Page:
What Is The Noise Level Of Power Tools?
We all know that power tools are loud and can disrupt peace and quiet, but did you know that many power tools have sound decibels that could actually harm your hearing? It is a big reason why people who work in construction or in manufacturing plants are required to wear ear plugs to protect their hearing. If ear plugs are optional and not required, they run the risk of losing some of their hearing if they choose not to wear the ear plugs.
Ear plugs aside, you are probably wondering just how loud some power tools really are. Each class of power tool and brand of power tool may have a different decibel level, although certain brands of tools under any one class are often within a few decibels of each other. For example, drills, regardless of brand name, fall somewhere between 87 and 94 decibels. Here are some other common power tools, their decibel levels, and a look at how loud they are in comparison to safety ratings for noise.
What the CDC Has to Say About Noise
The Centers for Disease Control not only track diseases, but also track what causes many other medical and health problems, including hearing loss. Their website page on hearing loss says that any machine at 80 decibels and above can cause hearing loss. In the case of 80 decibels, you have to be exposed to ongoing sound for two hours before hearing loss begins.
At 95 decibels, it only takes 50 minutes of exposure time to damage your hearing. At 100 decibels, fifteen minutes of constant exposure is all that is needed. At 110 decibels, hearing loss occurs after two minutes of exposure time. Anything louder than that and you experience intense physical pain and major injury to your ears and hearing.
Let that marinate for a bit before reading about the decibel levels of other power tools. You already know that a drill is around 87-94 decibels, which is within the fifty-minute to two-hour range for hearing loss. Most people don’t use a drill continuously for that long, but other power tools are much louder and people use them for longer than ten minutes at a time.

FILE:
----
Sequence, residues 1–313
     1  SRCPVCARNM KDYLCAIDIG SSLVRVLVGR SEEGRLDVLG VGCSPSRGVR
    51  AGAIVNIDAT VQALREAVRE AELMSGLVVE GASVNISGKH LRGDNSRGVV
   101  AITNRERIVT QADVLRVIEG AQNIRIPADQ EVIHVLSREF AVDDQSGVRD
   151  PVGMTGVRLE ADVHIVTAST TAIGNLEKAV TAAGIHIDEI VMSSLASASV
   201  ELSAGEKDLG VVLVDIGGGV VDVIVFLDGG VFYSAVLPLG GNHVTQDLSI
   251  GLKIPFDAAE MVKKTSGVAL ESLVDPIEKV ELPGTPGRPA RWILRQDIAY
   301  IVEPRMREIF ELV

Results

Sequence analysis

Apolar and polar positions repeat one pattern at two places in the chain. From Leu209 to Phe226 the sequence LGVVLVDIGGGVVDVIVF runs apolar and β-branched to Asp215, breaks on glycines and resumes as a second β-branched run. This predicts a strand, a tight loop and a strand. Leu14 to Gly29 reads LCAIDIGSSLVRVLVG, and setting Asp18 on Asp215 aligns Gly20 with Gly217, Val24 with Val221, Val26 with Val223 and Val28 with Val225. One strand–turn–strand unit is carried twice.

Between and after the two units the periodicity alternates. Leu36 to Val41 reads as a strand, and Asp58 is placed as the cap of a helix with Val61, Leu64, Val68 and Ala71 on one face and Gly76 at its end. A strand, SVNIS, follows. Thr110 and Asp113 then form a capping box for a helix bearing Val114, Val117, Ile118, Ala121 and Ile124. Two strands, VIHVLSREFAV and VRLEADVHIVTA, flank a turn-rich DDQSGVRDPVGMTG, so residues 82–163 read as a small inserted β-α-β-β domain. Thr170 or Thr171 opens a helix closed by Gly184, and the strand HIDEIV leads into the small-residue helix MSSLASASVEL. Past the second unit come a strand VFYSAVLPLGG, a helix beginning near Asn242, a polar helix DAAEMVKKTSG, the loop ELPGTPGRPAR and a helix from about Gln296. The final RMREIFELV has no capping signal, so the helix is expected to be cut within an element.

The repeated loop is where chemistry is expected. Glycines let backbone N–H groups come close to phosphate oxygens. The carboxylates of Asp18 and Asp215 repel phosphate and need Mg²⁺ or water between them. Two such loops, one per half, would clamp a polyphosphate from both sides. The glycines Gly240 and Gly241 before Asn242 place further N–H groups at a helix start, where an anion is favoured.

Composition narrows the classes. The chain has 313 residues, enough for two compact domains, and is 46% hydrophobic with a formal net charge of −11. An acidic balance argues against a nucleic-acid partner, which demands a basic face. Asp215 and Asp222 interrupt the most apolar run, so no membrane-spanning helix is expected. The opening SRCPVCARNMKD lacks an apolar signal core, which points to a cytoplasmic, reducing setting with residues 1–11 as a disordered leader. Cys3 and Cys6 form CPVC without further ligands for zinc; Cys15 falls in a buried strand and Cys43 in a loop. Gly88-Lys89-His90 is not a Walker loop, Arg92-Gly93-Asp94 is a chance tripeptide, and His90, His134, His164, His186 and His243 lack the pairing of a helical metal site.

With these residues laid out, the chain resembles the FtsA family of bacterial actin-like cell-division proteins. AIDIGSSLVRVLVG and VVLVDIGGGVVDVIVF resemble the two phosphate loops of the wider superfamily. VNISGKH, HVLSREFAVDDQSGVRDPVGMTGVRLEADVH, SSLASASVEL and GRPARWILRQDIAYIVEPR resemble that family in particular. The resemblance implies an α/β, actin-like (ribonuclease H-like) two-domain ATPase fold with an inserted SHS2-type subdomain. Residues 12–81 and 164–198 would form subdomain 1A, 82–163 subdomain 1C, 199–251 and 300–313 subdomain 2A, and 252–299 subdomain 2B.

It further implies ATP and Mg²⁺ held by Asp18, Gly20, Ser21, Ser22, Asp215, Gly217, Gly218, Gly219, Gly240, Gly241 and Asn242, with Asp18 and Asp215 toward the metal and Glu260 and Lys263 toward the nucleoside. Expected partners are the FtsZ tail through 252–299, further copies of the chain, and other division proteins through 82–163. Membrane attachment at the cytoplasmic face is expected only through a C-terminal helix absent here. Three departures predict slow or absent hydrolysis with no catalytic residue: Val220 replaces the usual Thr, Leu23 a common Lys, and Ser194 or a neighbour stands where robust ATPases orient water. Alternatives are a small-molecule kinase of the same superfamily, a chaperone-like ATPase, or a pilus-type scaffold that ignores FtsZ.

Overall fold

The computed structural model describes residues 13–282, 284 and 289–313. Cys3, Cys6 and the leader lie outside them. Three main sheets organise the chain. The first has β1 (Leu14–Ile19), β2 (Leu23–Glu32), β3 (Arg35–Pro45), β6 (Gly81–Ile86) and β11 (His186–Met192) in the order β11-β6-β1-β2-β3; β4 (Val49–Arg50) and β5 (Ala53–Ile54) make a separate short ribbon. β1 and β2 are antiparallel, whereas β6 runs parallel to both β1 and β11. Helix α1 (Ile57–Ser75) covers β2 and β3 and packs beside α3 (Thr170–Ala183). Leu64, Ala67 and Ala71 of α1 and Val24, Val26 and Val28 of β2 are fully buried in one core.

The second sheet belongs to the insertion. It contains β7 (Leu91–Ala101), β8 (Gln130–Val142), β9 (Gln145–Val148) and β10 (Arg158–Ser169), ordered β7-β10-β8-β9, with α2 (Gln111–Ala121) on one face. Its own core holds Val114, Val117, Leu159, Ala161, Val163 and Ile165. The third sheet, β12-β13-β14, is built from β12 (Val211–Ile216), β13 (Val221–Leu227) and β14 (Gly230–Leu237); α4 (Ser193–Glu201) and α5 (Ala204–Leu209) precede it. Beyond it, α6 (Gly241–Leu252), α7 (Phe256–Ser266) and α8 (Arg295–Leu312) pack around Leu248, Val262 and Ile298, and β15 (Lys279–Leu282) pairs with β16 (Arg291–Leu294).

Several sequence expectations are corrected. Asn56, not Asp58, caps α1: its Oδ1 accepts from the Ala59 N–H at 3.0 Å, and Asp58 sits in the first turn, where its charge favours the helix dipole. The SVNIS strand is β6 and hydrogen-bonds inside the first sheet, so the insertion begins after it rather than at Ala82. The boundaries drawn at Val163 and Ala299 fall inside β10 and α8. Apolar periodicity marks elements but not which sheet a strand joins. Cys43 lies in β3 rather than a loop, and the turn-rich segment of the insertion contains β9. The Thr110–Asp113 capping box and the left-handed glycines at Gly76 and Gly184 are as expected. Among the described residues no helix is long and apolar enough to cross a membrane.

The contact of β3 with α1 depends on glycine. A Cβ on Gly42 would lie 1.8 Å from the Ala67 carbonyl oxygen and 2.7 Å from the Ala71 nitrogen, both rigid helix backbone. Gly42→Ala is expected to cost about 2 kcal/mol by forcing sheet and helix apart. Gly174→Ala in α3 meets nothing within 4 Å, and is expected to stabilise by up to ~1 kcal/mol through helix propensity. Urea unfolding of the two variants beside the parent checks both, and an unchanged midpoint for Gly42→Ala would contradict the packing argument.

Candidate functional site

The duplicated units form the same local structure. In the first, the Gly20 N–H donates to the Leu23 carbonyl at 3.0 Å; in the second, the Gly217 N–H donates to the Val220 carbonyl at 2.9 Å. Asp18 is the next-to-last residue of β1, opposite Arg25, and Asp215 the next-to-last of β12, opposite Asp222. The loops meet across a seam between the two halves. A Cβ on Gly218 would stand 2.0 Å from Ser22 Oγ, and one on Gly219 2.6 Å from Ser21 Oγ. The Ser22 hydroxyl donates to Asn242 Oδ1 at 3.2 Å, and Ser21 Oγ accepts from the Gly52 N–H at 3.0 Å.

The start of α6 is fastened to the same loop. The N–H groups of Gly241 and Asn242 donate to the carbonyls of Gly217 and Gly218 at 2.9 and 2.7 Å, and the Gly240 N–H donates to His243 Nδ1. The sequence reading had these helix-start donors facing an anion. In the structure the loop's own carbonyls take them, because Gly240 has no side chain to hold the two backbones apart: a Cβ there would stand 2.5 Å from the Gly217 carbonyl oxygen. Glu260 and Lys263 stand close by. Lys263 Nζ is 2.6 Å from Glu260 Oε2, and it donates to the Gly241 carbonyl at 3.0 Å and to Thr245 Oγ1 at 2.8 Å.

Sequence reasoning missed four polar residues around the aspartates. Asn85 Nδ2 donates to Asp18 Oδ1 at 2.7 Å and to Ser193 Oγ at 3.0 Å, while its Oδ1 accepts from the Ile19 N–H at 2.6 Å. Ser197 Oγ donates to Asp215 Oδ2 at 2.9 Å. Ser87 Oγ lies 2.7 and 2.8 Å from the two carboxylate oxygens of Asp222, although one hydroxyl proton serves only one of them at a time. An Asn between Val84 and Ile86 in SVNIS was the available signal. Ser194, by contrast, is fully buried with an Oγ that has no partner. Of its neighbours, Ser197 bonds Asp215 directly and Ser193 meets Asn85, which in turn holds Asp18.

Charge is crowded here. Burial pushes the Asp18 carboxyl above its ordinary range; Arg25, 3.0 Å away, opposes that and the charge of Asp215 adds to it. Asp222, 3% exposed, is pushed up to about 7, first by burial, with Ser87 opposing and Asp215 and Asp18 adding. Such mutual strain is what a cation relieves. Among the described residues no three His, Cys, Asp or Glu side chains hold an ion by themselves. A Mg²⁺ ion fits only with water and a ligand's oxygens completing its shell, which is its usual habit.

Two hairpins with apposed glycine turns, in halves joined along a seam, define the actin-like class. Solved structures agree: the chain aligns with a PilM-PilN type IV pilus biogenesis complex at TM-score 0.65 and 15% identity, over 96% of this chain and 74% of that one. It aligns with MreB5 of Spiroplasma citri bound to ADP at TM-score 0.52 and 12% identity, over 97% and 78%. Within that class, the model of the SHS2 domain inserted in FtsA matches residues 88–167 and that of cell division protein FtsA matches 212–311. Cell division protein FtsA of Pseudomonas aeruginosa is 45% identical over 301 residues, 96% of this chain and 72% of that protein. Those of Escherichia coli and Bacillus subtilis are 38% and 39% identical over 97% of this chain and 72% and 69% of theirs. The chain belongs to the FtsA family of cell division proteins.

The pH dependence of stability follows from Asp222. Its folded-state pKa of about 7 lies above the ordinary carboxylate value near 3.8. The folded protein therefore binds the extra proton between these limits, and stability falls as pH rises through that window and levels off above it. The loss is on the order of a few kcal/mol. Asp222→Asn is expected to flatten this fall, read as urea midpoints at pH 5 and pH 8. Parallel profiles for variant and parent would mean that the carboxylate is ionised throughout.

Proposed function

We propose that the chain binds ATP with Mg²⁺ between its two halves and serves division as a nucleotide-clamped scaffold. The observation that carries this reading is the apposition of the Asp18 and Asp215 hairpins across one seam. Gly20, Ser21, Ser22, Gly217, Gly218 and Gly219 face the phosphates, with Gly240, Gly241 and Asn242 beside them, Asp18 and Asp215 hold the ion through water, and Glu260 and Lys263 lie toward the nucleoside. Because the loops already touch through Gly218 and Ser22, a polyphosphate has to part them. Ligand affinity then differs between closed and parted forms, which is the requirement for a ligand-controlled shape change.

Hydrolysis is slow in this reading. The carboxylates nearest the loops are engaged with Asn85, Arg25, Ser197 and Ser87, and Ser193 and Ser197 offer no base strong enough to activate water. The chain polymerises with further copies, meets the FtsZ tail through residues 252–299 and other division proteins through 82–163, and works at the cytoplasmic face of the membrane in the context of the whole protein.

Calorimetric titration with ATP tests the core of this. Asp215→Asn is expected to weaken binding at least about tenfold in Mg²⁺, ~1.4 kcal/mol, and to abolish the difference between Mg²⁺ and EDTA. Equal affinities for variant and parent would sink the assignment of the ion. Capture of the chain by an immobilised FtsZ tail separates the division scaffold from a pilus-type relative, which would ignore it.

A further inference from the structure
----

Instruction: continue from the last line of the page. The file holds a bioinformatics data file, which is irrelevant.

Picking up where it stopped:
Sound Levels of Other Power Tools
This list of ten tools with their sound decibel ranges will help you figure out which power tools can be the most damaging to your hearing.
- Reciprocating Saw, 96-112 dcb
- Jig Saw, 92-102 dcb
- Circular Saw, 95-113 dcb
- Grinder, 91-107
- Orbital Sander, 74-97 dcb
- Belt Sander, 97-102 dcb
As you can see from the above short list, the most dangerous power tools are the saws. That isn’t surprising, given the power necessary to cut through wood, plastics and/or metal. If you spend a large part of your work day or a large part of your time in your hobby workshop using these saws, you might find yourself going deaf very quickly. The sanders are not as bad, although you still should not spend copious amounts of time with your ears uncovered or unplugged while you are using them.
Industrial Power Tools
Bear in mind that the aforementioned and listed power tools are your run-of-the-mill construction tools. These are not the power tools typically used in manufacturing. Industrial power tools and tool machines are even louder and more of a sound hazard to your hearing’s health than the tools you use to construct a bird feeder or patch your roof.
A sound database compiling the decibel levels of over 1,700 sounds from a whisper to a jet taking off at supersonic speed is located online. It is the “Noise Navigator” database. It can show you the dcb (or decibels) of literally every known sound on the planet. If you scroll through it long enough you will see how industrial sounds compare to common power tools.
The Takeaway Here
Your hearing is precious. You will already lose some of your hearing gradually with age, with most people unable to hear certain low frequencies of sound once they turn 30. After sixty, your regular hearing begins to slowly fade too. You can protect your hearing and slow the process, but only if you avoid a lot of loud noise.
If you use tools or industrial machines daily in your line of work, your employer should have a hearing protection and hearing loss prevention plan. Follow the plan to protect your hearing. If your employer doesn’t have this plan, bring your own hearing safety devices to work with you. According to OSHA standards, all employees exposed to loud noises in the workplace are entitled to have their hearing protected and they are in their rights to request hearing protection from their employers.